Ensure needs-based, new and additional loss and damage finance: The current climate finance target of USD100 billion a year was the outcome of a political compromise, and not a scientific assessment of the actual amounts needed by affected communities. Finance for losses and damages should be provided on the basis of needs on the ground. Sufficient and needs-based loss and damage financing should also be on top of the failed commitment of USD100 billion per year for adaptation and mitigation. It should consider equity, historical responsibility, and global solidarity.
Operationalise the Santiago Network on Loss and Damage: Vulnerable communities contend with loss and damage technical gaps that must be identified, prioritised, and addressed. The SNLD, following its mandate to catalyse technical assistance, should have a mechanism to facilitate needs assessment, the development and implementation of approaches to address losses and damages from both extreme and slow onset events, and their prioritisation in developing countries. This will also connect governments and local communities in these countries with resources and technical support.
The SNLD should also help enable the collection of people-powered, rights-based solutions and practices at the community level to avert, minimise, and address losses and damages. The SNLD should create tools and mechanisms that will allow grassroots communities to access support directly.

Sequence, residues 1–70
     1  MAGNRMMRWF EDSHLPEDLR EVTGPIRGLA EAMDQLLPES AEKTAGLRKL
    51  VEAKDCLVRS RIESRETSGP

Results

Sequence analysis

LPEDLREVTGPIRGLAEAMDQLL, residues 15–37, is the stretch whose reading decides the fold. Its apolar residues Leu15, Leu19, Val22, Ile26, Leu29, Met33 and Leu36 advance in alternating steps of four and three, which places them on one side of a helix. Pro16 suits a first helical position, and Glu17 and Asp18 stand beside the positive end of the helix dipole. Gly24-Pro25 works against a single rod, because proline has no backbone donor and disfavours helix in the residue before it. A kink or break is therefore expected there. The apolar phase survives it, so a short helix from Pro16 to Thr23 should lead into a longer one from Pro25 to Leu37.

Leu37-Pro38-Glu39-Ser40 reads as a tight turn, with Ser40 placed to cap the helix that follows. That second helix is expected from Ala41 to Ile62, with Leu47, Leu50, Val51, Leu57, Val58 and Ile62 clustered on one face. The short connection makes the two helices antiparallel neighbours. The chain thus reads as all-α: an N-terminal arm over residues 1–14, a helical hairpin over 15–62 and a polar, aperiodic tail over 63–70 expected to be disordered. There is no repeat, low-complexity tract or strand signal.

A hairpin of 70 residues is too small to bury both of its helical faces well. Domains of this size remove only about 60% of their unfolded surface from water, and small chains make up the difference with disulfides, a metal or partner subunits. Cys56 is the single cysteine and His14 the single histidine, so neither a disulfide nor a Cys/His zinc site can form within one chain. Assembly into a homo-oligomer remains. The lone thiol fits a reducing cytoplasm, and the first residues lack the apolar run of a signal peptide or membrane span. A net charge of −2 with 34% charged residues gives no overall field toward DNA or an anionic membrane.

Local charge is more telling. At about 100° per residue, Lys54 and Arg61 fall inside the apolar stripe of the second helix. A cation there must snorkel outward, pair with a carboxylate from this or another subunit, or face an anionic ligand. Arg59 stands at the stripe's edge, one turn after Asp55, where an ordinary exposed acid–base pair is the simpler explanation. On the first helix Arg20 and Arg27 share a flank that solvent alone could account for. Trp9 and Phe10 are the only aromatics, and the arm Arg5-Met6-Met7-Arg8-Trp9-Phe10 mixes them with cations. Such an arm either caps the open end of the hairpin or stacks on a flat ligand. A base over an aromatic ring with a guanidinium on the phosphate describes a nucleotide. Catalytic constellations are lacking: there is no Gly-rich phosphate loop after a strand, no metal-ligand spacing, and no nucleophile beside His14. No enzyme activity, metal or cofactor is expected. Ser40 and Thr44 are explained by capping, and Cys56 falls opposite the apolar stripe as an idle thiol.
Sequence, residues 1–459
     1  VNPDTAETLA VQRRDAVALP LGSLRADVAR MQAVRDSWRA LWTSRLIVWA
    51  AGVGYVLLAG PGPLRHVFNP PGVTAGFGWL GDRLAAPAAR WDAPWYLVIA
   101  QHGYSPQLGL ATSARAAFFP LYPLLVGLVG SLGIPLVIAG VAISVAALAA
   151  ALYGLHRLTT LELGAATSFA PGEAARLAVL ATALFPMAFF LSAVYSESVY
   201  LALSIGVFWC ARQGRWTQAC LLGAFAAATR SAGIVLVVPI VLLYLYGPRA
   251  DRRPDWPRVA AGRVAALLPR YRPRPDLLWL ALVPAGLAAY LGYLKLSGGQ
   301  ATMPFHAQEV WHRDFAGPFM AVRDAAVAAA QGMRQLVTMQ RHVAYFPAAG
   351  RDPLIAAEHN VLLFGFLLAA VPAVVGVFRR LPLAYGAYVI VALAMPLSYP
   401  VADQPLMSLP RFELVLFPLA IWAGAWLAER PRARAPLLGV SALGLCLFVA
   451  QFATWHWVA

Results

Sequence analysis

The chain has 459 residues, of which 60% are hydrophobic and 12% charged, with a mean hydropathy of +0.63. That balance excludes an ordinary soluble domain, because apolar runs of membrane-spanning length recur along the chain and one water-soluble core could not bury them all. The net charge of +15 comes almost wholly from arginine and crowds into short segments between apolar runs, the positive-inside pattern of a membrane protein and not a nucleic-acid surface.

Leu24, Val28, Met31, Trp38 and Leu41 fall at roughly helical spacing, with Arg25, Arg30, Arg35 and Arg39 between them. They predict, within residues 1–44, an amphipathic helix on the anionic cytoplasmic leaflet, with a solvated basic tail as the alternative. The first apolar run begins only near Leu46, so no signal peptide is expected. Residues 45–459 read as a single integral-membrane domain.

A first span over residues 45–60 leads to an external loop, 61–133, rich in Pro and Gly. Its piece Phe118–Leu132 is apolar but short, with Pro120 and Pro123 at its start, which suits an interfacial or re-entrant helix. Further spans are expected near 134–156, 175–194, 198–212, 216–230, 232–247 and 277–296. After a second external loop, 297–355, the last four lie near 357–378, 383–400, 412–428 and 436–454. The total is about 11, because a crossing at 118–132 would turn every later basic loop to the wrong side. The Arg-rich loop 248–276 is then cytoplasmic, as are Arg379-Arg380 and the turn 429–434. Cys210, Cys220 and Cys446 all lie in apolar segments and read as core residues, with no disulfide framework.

The SNLD would also play an important role to provide country-level support to the global South in the distribution of loss and damage finance. Support should realise principles of country ownership, gender responsiveness, as well as peoples’ participation in the design, implementation, monitoring and evaluation, and ensuring that resources go to the most in need.
 Real Zero is the call of the global climate justice movements to reduce and stop carbon emissions before they are put into the atmosphere. It means the just and equitable transformation of our energy and transport systems to full renewable sources.
 The Santiago Network on averting, minimizing, and addressing loss and damage (SNLD) was established as a key outcome of COP25 in Madrid with a view to strengthen the WIM and enhance action and catalyze the technical assistance of relevant organizations, bodies, networks and experts for the implementation of relevant approaches at all levels in vulnerable developing countries.
 Workshops or events organised by a constituted body alongside the main negotiations to support and advance negotiation issues through sharing of experiences and technical expertise or brainstorming.